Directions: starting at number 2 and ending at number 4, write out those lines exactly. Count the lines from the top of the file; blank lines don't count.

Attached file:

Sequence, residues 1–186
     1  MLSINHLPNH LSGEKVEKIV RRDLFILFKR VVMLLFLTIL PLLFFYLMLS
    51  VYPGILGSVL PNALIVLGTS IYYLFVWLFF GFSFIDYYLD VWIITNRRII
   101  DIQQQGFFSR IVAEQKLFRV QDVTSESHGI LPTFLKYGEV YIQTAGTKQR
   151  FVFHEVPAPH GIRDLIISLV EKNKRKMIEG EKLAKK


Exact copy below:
     1  MLSINHLPNH LSGEKVEKIV RRDLFILFKR VVMLLFLTIL PLLFFYLMLS
    51  VYPGILGSVL PNALIVLGTS IYYLFVWLFF GFSFIDYYLD VWIITNRRII
   101  DIQQQGFFSR IVAEQKLFRV QDVTSESHGI LPTFLKYGEV YIQTAGTKQR